Chinese New Settlers Services Trust (CNSST) is giving parents strategies to help their teenagers walk in both Kiwi and Chinese worlds.
New Zealand-born teenagers of Chinese parents often experience tensions with their bicultural identity. Their parents, who emigrated from China, face language and cultural barriers.
Gloria Gao, Manager and Social Worker at CNSST, says Chinese New Zealand teenagers can find it "confusing" being "Kiwi kids" at school then taking part in Chinese culture at home.
In 2008, CNSST ran their second year of 'Parenting Teenagers' workshops, which are facilitated by Chinese migrant New Zealanders. The course is held over eight sessions, with four sessions spoken in Mandarin and Cantonese languages respectively.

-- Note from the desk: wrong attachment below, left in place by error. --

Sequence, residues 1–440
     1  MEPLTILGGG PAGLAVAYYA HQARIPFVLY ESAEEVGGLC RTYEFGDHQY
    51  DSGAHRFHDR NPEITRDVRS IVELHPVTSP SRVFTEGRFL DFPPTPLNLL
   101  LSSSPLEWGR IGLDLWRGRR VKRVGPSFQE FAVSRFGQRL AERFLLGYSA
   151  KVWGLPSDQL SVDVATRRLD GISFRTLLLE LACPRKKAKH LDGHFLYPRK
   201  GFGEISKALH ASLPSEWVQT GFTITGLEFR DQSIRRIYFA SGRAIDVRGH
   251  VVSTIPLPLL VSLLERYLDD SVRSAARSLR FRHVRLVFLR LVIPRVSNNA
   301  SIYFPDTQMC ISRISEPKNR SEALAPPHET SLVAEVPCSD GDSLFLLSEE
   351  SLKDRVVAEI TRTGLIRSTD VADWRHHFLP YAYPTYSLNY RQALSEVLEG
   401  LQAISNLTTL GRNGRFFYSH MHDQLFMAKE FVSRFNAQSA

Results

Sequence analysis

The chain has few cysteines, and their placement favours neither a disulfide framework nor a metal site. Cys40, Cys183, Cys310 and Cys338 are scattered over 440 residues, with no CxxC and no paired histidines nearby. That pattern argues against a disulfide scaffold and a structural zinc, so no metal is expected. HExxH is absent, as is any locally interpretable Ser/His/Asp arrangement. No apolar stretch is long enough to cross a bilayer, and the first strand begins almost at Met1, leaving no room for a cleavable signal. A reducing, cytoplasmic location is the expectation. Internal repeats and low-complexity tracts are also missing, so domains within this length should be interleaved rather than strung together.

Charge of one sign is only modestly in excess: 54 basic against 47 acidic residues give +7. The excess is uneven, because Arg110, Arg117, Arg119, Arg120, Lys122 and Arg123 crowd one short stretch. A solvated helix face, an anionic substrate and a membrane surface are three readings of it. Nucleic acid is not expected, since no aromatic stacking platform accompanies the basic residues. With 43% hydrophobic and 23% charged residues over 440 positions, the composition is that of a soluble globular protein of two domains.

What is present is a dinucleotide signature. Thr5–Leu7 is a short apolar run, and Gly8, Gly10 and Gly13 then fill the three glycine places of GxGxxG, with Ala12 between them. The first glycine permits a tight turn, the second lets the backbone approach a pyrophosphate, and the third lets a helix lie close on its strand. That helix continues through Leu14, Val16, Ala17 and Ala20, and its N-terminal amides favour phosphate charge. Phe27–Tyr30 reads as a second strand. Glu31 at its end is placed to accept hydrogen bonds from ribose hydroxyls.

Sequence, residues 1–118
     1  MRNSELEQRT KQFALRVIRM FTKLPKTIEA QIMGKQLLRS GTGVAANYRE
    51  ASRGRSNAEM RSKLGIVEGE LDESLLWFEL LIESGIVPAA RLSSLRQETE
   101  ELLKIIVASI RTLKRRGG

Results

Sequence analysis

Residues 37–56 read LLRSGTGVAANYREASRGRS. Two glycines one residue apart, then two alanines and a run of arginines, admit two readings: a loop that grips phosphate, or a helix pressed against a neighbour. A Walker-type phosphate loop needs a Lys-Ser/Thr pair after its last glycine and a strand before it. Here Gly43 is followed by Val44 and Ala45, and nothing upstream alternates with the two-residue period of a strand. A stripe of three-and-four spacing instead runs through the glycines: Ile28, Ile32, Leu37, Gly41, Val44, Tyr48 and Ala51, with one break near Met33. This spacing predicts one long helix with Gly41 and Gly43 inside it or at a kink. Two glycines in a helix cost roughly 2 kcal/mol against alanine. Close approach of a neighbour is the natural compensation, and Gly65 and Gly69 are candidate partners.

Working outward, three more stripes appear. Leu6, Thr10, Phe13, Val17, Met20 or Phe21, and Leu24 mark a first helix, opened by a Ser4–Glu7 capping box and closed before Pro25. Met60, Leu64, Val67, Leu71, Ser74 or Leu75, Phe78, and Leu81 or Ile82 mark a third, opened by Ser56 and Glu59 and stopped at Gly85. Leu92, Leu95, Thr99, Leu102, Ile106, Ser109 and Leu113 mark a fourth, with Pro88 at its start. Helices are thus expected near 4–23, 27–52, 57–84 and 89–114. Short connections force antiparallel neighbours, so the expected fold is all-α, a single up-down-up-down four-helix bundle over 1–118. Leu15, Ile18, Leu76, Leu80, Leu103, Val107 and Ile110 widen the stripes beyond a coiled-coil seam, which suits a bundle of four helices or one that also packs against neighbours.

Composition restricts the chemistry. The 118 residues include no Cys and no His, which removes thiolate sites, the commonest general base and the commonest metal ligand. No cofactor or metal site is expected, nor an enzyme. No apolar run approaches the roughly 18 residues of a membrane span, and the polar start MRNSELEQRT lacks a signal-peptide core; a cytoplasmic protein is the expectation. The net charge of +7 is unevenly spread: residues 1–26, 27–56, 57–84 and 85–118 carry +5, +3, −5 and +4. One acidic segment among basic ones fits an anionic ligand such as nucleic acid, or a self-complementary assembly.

"It's a good way to promote community cohesion and make friends," says Gloria.
In China, the parenting style is traditionally strict. The CNSST workshops advise parents of different ways to discipline and support their children, by giving them "attention, affection, acceptance and affirmation".
Gloria says parents on the course "accept the positive parenting approach in New Zealand".
CNSST has six community-based centres in Auckland, providing social, cultural and educational services.
Their 'Parenting Teenagers' course received funding from The Tindall Foundation through Manukau Community Foundation, one of our regional Funding Managers.
For further information contact:
Gloria Gao, Service Manager and Social Worker, Chinese New Settlers Services Trust